Old Dog: 68 And a 6pack
Please tell us a little bit about yourself. Who you are, where you come from, when you moved to Australia, etc.
The Old Dog. From Hertfordshire which is about 25 miles to the North West of London. I came to Australia in 1983.
When and why did you decide to start blogging about your experiences?
I started my blog on the 22nd of June 2013. Over a bet about whether I could back to the weight I was when I raced formula cars as a teenager in England. However I also wanted to discuss serious information about health, sustainability, productivity and multiculturalism in a humorous wrapper.
Do you have any favorite blog entries of yours?
My post about “A million Followers, for a million dollars, for clean drinking water, for 50,000 people”. There are nearly 1 billion people in the world that don't have clean, safe water. The women and children that collect water spend approximately 40 billion hours getting it. This detracts from their ability to do other work, or get an education. It takes $20 to supply one of these people with a clean water supply. Each dollar spent provides an economic return of $12. Not least because of the drop in medical care and infant mortality. Can you spare a single dollar for this campaign to bring clean water to 50,000 people? That's less than a third of the price of a cup of coffee. All money goes to providing water not to admin costs or profit. This post is doing something about it. My contribution is not only money but also enduring 100km of pain through the mountains.
Tell us about the ways your new life in Australia differs from that back home. Did you have trouble getting used to the new circumstances? Did you experience culture shock?
Because the Language is English in both countries it is easy to overlook cultural subtle differences. In England it is expected that you get down to business quickly in a meeting to show respect for the person’s time then do the social rapport building. In Australia you have to do the social rapport building first before you earn the right to talk about business. Both sides do the same thing but in a different order. I am sure this contributes to the stereo type that English are formal whilst Australians are laid back.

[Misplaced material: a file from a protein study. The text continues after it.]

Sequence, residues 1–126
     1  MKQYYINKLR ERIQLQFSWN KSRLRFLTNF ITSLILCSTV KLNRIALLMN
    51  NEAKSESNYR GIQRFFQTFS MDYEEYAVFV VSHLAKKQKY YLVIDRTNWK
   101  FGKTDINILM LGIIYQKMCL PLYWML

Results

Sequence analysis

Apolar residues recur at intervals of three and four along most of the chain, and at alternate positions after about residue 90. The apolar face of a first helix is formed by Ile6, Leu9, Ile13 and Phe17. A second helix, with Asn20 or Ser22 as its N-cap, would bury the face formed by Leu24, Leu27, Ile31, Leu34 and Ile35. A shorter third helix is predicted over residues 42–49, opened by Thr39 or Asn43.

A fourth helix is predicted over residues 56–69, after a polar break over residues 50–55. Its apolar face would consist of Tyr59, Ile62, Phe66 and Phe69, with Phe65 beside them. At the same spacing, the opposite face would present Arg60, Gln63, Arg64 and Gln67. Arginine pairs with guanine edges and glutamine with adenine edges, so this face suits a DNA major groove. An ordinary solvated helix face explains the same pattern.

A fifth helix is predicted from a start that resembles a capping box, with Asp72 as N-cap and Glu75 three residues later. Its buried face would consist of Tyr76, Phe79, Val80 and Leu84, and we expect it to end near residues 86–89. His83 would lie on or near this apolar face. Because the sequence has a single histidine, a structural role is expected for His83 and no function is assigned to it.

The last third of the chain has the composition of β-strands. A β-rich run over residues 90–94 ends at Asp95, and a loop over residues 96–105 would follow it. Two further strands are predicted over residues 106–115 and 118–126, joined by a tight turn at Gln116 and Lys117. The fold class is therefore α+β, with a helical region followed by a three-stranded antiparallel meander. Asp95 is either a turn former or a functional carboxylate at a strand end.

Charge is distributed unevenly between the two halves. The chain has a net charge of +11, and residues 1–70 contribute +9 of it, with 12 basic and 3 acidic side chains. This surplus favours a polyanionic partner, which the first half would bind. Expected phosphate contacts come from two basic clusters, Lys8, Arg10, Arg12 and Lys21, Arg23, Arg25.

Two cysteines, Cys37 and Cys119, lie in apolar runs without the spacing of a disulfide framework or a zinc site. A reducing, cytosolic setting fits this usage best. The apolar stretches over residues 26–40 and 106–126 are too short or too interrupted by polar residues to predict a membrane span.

Do you think you were fully prepared for what awaited you in Australia? If you could, would you change some decisions/preparations you made?
I just came with an open mind and an open heart. I love it in Australia and feel very fortunate to be here.
Every expat knows that expat life comes with some hilarious anecdotes and funny experiences. Care to share one with us?
When I first arrived in Australia I thought I would have a go at growing some food plants that required the hotter weather. I planted an avocado in a pot and as it grew I tended it and tied it to a cane support. When it grew our neighbors, who live in the other half of the semi-detached house, told me they had swapped the avocado for a marijuana seed and that is what I had been growing on the front porch. As I didn’t know what either plant looked like I had no idea! They told me not to worry about being so naïve they had also put some seeds in the flower boxes outside the local police station and they were happily growing there too!
Which three tips would you like to give future expats before they embark on their new life in Australia?
Don’t forget to pack your senses of humor, adventure and the ridiculous.
How is the expat community in Australia? Did you have a hard time finding like-minded people or fellow expats?
I love the fact that Australia has integrated multiculturalism better than any other country I have come across. If I need a fix of English accents, I only need to take a ride on the Manly ferry into the center of Sydney from where I live.
How would you summarize your expat life in Australia in a single, catchy sentence?
Living near the sea in Sydney is simultaneously energizing and relaxing, it simply doesn’t get any better than this!